Statoil AS plans to extend the producing life of its Norwegian North Sea Sleipner West field by combining a major topsides modification of the Sleipner T platform with a multiwell subsea tieback of the Alpha North gas and condensate reservoir on the field's north flank.
It picked the 2.6 billion-3 billion kroner ($290 million-$330 million) development -- aimed at boosting compression capacity at Sleipner West to offset declining reservoir pressure -- over the original scheme and install a compressor platform at the field.
Opting for the lower cost modification project is not expected to undermine the recovery factor at Sleipner West, said Statoil Project Manager Aoued Kaddour. And beyond the financial and technical gains, the revamp will provide environmental benefits because CO2 emissions, noted Kaddour, will be "more than halved."
Tying back the Alpha North gas-condensate reservoir via a "seabed template and 4-5 wells" is an integral part of attempts to answer the need for increased compression capacity and production at Sleipner. The scheme was "sketched out" in the plan for development and operation of Sleipner West originally submitted to the Ministry of Petroleum.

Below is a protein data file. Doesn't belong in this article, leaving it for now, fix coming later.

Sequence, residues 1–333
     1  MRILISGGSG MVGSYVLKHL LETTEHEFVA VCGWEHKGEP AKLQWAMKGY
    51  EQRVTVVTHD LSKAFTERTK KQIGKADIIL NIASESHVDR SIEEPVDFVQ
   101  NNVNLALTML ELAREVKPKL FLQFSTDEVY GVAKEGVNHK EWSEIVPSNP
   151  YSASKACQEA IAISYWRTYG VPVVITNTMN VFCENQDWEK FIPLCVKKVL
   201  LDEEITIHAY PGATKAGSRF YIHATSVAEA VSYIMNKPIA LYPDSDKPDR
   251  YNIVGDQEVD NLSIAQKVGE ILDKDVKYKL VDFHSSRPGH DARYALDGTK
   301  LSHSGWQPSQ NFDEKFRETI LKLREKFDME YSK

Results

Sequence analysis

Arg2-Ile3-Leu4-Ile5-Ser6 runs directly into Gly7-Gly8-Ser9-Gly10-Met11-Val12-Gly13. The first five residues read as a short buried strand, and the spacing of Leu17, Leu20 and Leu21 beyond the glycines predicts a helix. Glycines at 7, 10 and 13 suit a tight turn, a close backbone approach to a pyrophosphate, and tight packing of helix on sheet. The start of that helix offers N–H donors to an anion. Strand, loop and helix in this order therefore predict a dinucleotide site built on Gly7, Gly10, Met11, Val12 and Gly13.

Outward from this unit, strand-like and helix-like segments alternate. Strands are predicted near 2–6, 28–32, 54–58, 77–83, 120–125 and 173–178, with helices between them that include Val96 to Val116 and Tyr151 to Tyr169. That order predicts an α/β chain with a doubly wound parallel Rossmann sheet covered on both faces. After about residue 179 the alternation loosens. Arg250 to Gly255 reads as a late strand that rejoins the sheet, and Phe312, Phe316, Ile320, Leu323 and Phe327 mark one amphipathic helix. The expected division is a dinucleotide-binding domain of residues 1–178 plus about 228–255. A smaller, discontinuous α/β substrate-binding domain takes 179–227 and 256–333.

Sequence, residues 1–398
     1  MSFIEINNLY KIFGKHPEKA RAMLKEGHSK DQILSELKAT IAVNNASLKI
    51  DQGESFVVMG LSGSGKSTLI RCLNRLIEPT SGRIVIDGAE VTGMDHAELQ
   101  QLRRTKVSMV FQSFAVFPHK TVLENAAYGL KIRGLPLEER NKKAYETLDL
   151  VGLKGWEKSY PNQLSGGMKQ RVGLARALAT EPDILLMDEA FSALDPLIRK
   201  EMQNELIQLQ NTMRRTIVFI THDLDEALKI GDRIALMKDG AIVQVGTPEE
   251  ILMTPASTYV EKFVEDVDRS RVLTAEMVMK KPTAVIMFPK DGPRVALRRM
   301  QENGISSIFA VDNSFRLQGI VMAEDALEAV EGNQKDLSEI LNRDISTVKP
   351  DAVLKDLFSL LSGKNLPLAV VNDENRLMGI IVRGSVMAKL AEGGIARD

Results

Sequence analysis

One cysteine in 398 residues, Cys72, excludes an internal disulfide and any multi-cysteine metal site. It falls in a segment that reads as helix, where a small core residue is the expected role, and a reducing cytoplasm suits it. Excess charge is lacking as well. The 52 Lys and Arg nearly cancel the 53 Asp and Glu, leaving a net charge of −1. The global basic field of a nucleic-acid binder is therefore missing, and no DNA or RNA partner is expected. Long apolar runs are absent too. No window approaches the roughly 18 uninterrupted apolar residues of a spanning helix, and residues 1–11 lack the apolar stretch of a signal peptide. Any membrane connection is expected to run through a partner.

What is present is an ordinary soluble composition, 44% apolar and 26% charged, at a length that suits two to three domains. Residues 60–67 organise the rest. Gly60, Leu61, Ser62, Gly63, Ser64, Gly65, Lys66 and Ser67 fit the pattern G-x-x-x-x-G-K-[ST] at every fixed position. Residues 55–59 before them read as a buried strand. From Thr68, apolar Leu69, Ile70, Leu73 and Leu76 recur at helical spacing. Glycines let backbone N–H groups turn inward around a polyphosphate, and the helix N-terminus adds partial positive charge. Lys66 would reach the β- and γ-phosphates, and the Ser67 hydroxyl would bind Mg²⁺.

According to Kaddour, the application to revamp the development plan with the new scheme will be give the ministry at the end of June.
Statoil is scheduling Sleipner West to start producing at a lower pressure in the autumn 2002, while Alfa North is expected to come on stream 2 years later.
Sleipner West, which is on Norwegian North Sea Blocks 15/6 and 15/9, came into production in August 1996, some 3 years after Sleipner East.
Statoil holds a 17.13% stake in Sleipner West. Other partners are the state's direct financial interest with 32.37%, ExxonMobil Corp. 32.24%, Norsk Hydro AS, 8.85%, and TotalFinaElf SA 9.41%.